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    Fr. Joseph Jenkins

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Papal Foot Washing Controversy

pope francis feet

Liturgical traditionalists are increasingly expressing their dismay with the new Pope. They shutter in horror at online videos of his time as an Archbishop with his Misa de Ninos featuring dialogue with children, clapping and life-sized puppets.

Now, critics are decrying his washing the feet of youth at a retention facility, and among these are young women, one of whom was a Muslim.

A directive from the Congregation for Divine Worship in 1988 specified that “the washing of the feet of chosen men … represents the service and charity of Christ, who came ‘not to be served, but to serve.’” The rule in the West is that only the feet of men can be washed, with an associated sacramental meaning pointing to the priesthood of the apostles.

The current law does allow local bishops to dispense from the law, as is done here in the Archdiocese of Washington, and some are suggesting that the Pope merely acted as the Bishop or Patriarch of Rome and not as the universal shepherd. However, the papacy is not like a hat that one can put on or take off with ease. The Pope is the Roman Rite. The late Pope John Paul II regularly broke the rubric about raising the host over the paten, preferring the chalice instead. Now it is a legitimate option in the Roman Missal. We might not like it, but the Pope has indeed called into question the rubric regarding the washing of the feet. However, as an optional rite, I would not see it as a genuine cause for controversy. Further, while associated with the priesthood, certain Church fathers, like St. Augustine connected the ritual instead to Christian baptism. It may be that this somewhat suppressed tradition is again breaking the surface.

Having said this, what are we to make “theologically” of Pope Francis washing the feet of a Muslim girl? The solution comes with the Pope’s own words, if only we will listen. He says, “This is a symbol, it is a sign. Washing your feet means I am at your service. …Don’t lose hope, understand? With hope you can always go on.” When a boy asked why he had visited them, he simply responded that it was to “help me to be humble, as a bishop should be.” Pope Francis said this visit and the ceremonial gesture emerged “from my heart. Things from the heart don’t have an explanation.”

I suspect the Pope is expressing a theme which emerges immediately from the Scriptures. The one who would lead must be the servant of all. Our Lord did not minister only to Jews but to all who came to him. So too, in these perilous days, must the papacy be a vehicle for peace and charity in a world mad with intolerance and greed.

Liturgical traditionalists often celebrate beautiful liturgies. But dialogue with them is frequently difficult. The issue is deeper than anti-Semitism, but a belligerence with any and all, inside or outside the Church who disagree with them. The most rigid among them desire more than a place of their own in the universal Church; rather, they demand that all others surrender their places to them. This will not happen. Some of the traditionalists like the SSPX will probably not be coming home. The rhetoric will get nastier. The longer they remain juridically distinct, the more Sedevacantism will take hold.  The breakaway traditionalists really do not recognize either the priesthood or the Mass of what they call the Novus Ordo. Indeed, the use the term “Novus Ordo” as if it were a derogatory slur. If they did not like Pope Benedict XVI then the proverbial writing was certainly on the wall with Pope Francis. The washing of the feet on Holy Thursday has renewed cries of modernism on one side and the defense of his humility and simplicity on the other.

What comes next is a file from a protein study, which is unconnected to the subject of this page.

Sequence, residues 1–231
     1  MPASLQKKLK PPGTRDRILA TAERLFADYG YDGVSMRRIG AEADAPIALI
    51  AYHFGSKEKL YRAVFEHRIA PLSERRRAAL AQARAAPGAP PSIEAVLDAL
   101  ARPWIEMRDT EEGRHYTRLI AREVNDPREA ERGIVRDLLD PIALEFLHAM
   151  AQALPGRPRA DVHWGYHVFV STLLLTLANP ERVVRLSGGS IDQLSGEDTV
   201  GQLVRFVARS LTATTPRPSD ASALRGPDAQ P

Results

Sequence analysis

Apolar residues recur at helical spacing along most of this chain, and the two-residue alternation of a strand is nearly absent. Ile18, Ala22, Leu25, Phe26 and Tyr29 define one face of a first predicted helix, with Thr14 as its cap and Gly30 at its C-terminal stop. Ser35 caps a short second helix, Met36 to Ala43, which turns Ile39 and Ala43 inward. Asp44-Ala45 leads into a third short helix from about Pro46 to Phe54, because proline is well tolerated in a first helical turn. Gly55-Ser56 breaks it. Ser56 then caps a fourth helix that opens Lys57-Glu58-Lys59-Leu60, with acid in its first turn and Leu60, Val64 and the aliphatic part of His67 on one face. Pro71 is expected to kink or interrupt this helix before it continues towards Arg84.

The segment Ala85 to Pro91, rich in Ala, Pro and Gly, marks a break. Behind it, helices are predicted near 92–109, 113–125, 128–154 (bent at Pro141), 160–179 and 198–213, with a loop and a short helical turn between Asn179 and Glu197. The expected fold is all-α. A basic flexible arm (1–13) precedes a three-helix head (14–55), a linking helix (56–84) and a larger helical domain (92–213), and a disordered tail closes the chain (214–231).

Here are a few of the messages I have received:

“If the SSPX are upset then it is entirely their fault. They could have regularized and bishops and maybe even an additional Cardinal or two from their alliance could have been added to the mix. Standing outside they forfeited their voice. Pope Benedict tried to help them, now they deserve what they get!”

“The SSPX can complain but refused to be part of the solution to liturgical abuses and excess. Maybe this is the Holy Spirit’s way of pushing their noses into what they see as a mess.”

“Did Jesus wash the feet of Catholics or Jews?”

“Who does this guy think he is? Oh wait, he is the Pope. Okay, I guess he can do as he pleases.”

“Some of you talk as if the SSPX were really part of the Church. They go through the motions, but have no standing and no say. They do not represent a legitimate option. Pope Francis is the Pope. Get used to it!”

“Could it be that this Pope Francis is what God wants and that we traditionalists have been wrong from the start?”

“Do you think the Pope was set up and someone slipped this Mohammedan gal into the mix without him knowing?”

“This Pope has taken the name of a deacon, not a priest. He has embraced the mendicant Francis. He is on the record that the Church should be reduced to poverty. Priests get ready to see your rectories exchanged for roach-filled apartments and bus tickets for the cars you once owned. Here is a man who takes seriously the charge of Jesus to the rich man!”

“One of the boys at the feet washing had a foot covered in gang-related and possibly obscene tattoos. I can see that photograph being splashed around the world. Here is the Vicar of Christ, bowing down and kissing the foot of a vulgar criminal. This makes me so mad. There hasn’t been something as scandalous as this since Jesus allowed his feet to be washed and dried in a prostitute’s hair!”

“This matter of the new Pope has merely unveiled the unyielding disobedience and disrespect that has been hiding behind traditionalist intransigence all along!”